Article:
A Little Spring Planting
I am exhausted. Totally and utterly exhausted. But in a good way. My legs are wobbling like jelly and my arms feel like they’re about to fall off. My forehead is covered with little streaks of clay from where I brushed my hair back from my face. Freckles are beginning to appear on my nose, reaffirming my Celtic heritage.
The sun has been shining brightly in Lithuania for the past week or so and we have hit the garden, anxious to get some planting done. My herb boxes have been doing well – I have coriander (cilantro), lemon thyme and rosemary ready to eat and my chilli plants are growing nicely. Their sunny windowsill positions seem to be suiting them perfectly. This week I planted tarragon, flat parsley and basil seedlings into further boxes. I have now run out of windowsill, so any further herbs will need to go outside. I’m still hoping to build a greenhouse using old windows from our house renovations, but I think it will be a while before we get round to that, so windowsills will have to suffice for the moment.
The garden around the house is in need of a little colour so I decided to plant some flowers. My planting time is limited this year due to the renovations so my flower choices are dual purpose – nasturtiums for summer salads and sunflowers to produce seeds for the hens. Neither takes much tending once they have a sunny spot, although the sunflowers will need to be staked at some point to prevent them from tumbling out onto the path.
With the flowerbeds done I headed to our vegetable plot. We actually have quite a bit of land around the house but I’m starting with a small plot this year to make sure it’s manageable, both in terms of maintenance and harvesting. I was very busy last September just trying to harvest all the fruit from our trees so I don’t want to add too many vegetables that come in around the same time. I bought quite a selection of seeds (they were extremely cheap) but have yet to decide what I’ll plant. I might grow small amounts of a number of different vegetables to see what grows well in our soil and climate.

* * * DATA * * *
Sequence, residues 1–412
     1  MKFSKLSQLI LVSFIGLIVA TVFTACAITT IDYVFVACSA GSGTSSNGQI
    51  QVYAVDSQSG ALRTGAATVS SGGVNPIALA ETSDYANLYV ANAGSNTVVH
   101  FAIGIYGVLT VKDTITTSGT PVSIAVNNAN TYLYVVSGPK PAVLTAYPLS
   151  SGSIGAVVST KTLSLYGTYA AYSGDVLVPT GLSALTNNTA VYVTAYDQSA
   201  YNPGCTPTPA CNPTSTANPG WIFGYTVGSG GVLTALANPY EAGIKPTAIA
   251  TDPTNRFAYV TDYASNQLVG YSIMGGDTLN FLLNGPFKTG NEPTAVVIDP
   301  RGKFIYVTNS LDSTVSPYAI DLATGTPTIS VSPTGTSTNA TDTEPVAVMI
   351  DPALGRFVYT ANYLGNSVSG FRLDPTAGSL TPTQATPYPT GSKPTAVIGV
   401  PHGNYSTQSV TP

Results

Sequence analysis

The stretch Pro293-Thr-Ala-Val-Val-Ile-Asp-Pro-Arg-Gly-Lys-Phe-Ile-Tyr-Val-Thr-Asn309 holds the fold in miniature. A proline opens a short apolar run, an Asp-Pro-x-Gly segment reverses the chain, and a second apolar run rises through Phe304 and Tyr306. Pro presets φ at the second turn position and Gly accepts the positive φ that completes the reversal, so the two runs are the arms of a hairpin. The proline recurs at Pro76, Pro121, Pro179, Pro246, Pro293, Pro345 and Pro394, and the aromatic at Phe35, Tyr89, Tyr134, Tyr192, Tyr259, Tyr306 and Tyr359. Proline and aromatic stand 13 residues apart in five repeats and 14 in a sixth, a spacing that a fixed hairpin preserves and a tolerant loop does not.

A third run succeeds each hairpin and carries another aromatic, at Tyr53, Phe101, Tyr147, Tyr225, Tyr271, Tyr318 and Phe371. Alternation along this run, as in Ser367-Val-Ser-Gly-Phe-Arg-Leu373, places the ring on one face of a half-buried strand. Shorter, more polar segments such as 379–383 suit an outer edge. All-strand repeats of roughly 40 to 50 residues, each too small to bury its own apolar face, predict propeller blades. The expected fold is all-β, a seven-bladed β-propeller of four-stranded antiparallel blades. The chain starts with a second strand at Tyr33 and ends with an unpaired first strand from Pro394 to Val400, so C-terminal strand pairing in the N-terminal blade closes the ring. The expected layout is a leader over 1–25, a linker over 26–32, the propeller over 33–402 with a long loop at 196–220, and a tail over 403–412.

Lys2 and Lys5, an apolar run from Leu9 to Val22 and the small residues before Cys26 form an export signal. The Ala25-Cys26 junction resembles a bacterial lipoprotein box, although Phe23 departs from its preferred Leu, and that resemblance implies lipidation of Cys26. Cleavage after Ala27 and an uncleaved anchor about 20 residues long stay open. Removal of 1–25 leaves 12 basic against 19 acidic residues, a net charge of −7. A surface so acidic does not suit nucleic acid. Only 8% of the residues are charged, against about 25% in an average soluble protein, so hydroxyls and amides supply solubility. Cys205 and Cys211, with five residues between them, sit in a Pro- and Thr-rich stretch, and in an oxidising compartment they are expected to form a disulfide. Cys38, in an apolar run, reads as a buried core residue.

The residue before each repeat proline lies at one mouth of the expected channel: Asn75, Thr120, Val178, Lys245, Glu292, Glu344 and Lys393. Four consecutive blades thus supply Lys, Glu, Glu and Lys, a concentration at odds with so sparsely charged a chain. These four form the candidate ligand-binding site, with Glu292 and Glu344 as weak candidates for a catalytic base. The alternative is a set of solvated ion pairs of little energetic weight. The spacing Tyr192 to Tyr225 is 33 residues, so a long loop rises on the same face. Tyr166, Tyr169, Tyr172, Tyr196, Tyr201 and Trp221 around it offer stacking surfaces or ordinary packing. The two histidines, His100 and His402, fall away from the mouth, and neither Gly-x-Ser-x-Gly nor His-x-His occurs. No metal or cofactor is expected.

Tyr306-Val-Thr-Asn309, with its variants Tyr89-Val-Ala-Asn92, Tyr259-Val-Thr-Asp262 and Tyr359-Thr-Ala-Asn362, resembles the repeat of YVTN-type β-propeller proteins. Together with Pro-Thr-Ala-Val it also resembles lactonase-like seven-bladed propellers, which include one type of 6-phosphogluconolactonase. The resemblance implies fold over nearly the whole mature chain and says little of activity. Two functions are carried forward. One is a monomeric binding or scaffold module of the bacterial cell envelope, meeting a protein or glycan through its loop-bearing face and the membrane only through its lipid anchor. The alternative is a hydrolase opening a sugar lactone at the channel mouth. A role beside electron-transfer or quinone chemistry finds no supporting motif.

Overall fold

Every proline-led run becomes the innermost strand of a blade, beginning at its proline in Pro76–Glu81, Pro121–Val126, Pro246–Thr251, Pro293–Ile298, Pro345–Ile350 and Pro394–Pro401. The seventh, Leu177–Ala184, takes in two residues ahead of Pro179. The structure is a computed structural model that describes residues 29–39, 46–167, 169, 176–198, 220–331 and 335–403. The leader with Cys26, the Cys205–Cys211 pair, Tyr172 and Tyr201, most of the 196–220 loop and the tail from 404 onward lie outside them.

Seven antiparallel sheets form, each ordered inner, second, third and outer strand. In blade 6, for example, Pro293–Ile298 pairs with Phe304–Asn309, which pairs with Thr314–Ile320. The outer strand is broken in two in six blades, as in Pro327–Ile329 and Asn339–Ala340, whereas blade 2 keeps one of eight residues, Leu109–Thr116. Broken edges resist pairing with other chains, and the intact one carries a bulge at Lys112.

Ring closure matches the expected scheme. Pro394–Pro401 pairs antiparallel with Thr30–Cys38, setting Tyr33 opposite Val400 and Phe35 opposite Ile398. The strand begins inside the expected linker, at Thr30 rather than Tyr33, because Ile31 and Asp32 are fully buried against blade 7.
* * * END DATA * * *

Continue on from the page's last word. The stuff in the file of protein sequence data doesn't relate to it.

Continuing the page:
I’ll definitely grow a few varieties of lettuce to eat over the summer, some French beans and broccoli. We go through quite a lot of white beans, most of which we buy from our Farmers’ Market, so I know they can grow here. I’ve never tried them, though – I’m not sure how much work they’ll be as I know they need to be tied up when they begin to grow tall. I’ve concluded that the worst that can happen is that I’ll waste a bit of seed. If I get anything out of it – either vegetables or lessons learned – then it will have been worth the effort.
Our neighbour came round with his tractor and turned over the vegetable plot. Arūnas then set to digging a few raised beds and I got busy hoeing and raking, trying to break up the soil. There were quite a few big old roots embedded in the soil and it took quite a bit of work to dig them out. After several hours we finally got three beds more or less ready for planting – they just need a final rake and a good douse of water.
Speaking of water, keeping the plants watered is going to be good exercise in itself. Water is relatively expensive here so I plan to use what I can from a reservoir about 100 metres down the road. I’ll have to alternate my bucket-carrying arm to ensure I don’t end up lopsided!
The sudden arrival of the sun has given the garden a spurt of growth. Grass and weeds seem to have shot up overnight. The garden is full of dandelions and other lush green weeds which I am feeding to the chickens. I bought myself a second-hand push mower at the market on Sunday so that I can clear a little section of weeds each day for my girls. If I ever do get an egg all those yellow and green plants will give yolks a beautiful deep colour.
We’ve really barely scratched the surface and already I’m exhausted. It’s a very happy kind of exhausted, though, because it’s all my own choice and because I know it will be worth it in the end. And on the plus side I’ve been sleeping very, very well.